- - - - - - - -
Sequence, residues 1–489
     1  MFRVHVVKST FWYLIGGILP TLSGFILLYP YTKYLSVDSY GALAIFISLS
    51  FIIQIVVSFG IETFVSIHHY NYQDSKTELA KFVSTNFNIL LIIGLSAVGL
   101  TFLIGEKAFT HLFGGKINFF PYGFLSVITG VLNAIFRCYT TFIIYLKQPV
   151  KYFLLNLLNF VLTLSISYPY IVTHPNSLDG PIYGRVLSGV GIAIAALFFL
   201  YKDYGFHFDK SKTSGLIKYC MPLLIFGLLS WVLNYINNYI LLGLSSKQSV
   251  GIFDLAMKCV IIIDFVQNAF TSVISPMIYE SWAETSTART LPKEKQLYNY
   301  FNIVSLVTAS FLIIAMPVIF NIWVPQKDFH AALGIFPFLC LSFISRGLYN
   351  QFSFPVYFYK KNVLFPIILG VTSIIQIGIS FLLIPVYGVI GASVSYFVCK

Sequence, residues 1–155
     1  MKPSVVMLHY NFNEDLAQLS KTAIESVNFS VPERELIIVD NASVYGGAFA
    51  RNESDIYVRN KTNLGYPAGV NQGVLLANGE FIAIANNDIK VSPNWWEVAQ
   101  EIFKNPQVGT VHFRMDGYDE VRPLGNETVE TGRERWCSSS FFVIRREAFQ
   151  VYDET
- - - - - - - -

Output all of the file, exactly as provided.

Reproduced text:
Sequence, residues 1–489
     1  MFRVHVVKST FWYLIGGILP TLSGFILLYP YTKYLSVDSY GALAIFISLS
    51  FIIQIVVSFG IETFVSIHHY NYQDSKTELA KFVSTNFNIL LIIGLSAVGL
   101  TFLIGEKAFT HLFGGKINFF PYGFLSVITG VLNAIFRCYT TFIIYLKQPV
   151  KYFLLNLLNF VLTLSISYPY IVTHPNSLDG PIYGRVLSGV GIAIAALFFL
   201  YKDYGFHFDK SKTSGLIKYC MPLLIFGLLS WVLNYINNYI LLGLSSKQSV
   251  GIFDLAMKCV IIIDFVQNAF TSVISPMIYE SWAETSTART LPKEKQLYNY
   301  FNIVSLVTAS FLIIAMPVIF NIWVPQKDFH AALGIFPFLC LSFISRGLYN
   351  QFSFPVYFYK KNVLFPIILG VTSIIQIGIS FLLIPVYGVI GASVSYFVCK

Sequence, residues 1–155
     1  MKPSVVMLHY NFNEDLAQLS KTAIESVNFS VPERELIIVD NASVYGGAFA
    51  RNESDIYVRN KTNLGYPAGV NQGVLLANGE FIAIANNDIK VSPNWWEVAQ
   101  EIFKNPQVGT VHFRMDGYDE VRPLGNETVE TGRERWCSSS FFVIRREAFQ
   151  VYDET